Tuesday, December 29, 2009

Great Malvern, Worcestershire

A cold coming

Although England has thousands of churches dating from the Middle Ages, very few of them have more than a handful of fragments of medieval stained glass. The few places where there are substantial amounts of medieval glass – such as York Minster and the parish church of Fairford in Gloucestershire – are famous. One of the less well known places to admire the art of the Gothic glaziers is Malvern Priory.

The 15th-century stained glass in this building is some of the best English medieval glass to have survived. We do not know who made it, but similarities have been spotted with one of the windows in York Minster, the work of a glazier called John Thornton of Coventry. Whoever created the Malvern windows, they are the work of a master.

This Adoration of the Magi is one scene from the collection. It is a good example technically because it shows the way the 15th-century glaziers used lots of pale glass, so that plenty of sunlight got into the building, but highlighted these areas with rich accents of more deeply coloured glass, especially red and blue.

Mary sits with the Christ child on her lap and one of the kings, dressed in a rich red, fur-trimmed mantle over a blue tunic, kneels before them. He has removed his crown, which lies on the ground at the Virgin’s feet, and has taken off the lid of the cup he carries, revealing his to be the gift of gold. The infant Jesus reaches out for the gift with his left hand while raising his right in blessing. Behind, the other two Magi wait their turn, one in the act of removing his crown, the other raising his left hand. Joseph stands behind Mary and the thatched roof of the stable and the distant towers of a city make up the background. Shining with irregular rays that suggest its twinkling, the star completes the composition.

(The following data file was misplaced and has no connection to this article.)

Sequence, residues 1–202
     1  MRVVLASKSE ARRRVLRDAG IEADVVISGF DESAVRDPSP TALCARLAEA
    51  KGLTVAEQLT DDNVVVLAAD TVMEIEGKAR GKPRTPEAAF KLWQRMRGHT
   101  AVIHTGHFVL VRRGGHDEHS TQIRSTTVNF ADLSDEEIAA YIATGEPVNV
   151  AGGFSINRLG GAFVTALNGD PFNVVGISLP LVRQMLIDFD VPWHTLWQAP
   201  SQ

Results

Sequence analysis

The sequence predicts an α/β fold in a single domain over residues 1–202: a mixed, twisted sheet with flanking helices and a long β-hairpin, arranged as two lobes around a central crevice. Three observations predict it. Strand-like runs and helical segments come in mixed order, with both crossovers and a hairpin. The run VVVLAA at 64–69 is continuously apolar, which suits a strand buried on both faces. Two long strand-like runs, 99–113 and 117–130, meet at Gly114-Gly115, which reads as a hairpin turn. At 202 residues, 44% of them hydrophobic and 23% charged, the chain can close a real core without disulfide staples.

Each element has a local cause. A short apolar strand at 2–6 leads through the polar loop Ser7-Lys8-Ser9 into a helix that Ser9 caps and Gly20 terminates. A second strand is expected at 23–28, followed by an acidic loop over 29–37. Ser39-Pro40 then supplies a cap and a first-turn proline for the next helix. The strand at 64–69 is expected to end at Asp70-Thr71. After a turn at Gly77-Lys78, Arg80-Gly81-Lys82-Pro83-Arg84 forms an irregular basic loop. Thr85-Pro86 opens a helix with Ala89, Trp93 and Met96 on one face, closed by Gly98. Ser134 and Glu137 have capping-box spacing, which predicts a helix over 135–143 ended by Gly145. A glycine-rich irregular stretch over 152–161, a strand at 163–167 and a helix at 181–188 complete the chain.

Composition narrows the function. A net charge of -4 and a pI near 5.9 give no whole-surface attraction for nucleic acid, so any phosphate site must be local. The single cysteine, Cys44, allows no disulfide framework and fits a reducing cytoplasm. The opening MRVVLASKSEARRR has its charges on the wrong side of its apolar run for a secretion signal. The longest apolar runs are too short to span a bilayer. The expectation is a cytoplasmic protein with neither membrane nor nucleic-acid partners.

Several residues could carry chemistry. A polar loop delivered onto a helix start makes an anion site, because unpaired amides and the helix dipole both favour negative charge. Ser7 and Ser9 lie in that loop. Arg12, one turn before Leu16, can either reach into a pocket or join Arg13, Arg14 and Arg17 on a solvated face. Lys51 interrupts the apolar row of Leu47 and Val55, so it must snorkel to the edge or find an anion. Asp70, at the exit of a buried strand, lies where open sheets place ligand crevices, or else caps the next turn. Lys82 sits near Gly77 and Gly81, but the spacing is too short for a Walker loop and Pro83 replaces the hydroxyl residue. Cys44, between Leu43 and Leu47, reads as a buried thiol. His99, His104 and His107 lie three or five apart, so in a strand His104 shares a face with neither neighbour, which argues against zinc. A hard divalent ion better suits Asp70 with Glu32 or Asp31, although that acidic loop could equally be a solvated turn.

There is so much in this image, so many details that engage the viewer and encourage one to look for more. The faces, the interesting forms of the headgear of the Magi; the different-shaped vessels in which they bring their gifts; the way in which a cross has been concealed in the detail of the stable roof covering; the ermine trimming of many of the garments; the architecture of the distant city – all these are details to ponder in this moving depiction of a familiar subject, one that takes us straight back to the medieval world.


Vinogirl said...

How wonderfully you describe this window. I might have just said it was Jesus, Mary, Joseph, and the three kings...but you have pointed out details to me that I may never have seen. Thanks.

Peter Ashley said...

Your post title reminds me that I read Eliot's Journey of The Magi snuggled up in bed the other night. And Malvern Priory brings back an experience many years ago. I was in the bookshop that overlooks the precinct on a very hot summer's afternoon and looked down to see an old man in a panama with two dogs. Elgar, I believe.

Ron Combo said...

Great post to end the year Wilko - thank you!

Philip Wilkinson said...

Vinogirl: Thank you so much. I hope to return to the subject of looking and seeing.

Hsppy New Year to you all.

martin said...

It's a beautiful image. The skills that the craftsmen display-given the technical constraints under which they must have worked-is extraordinary.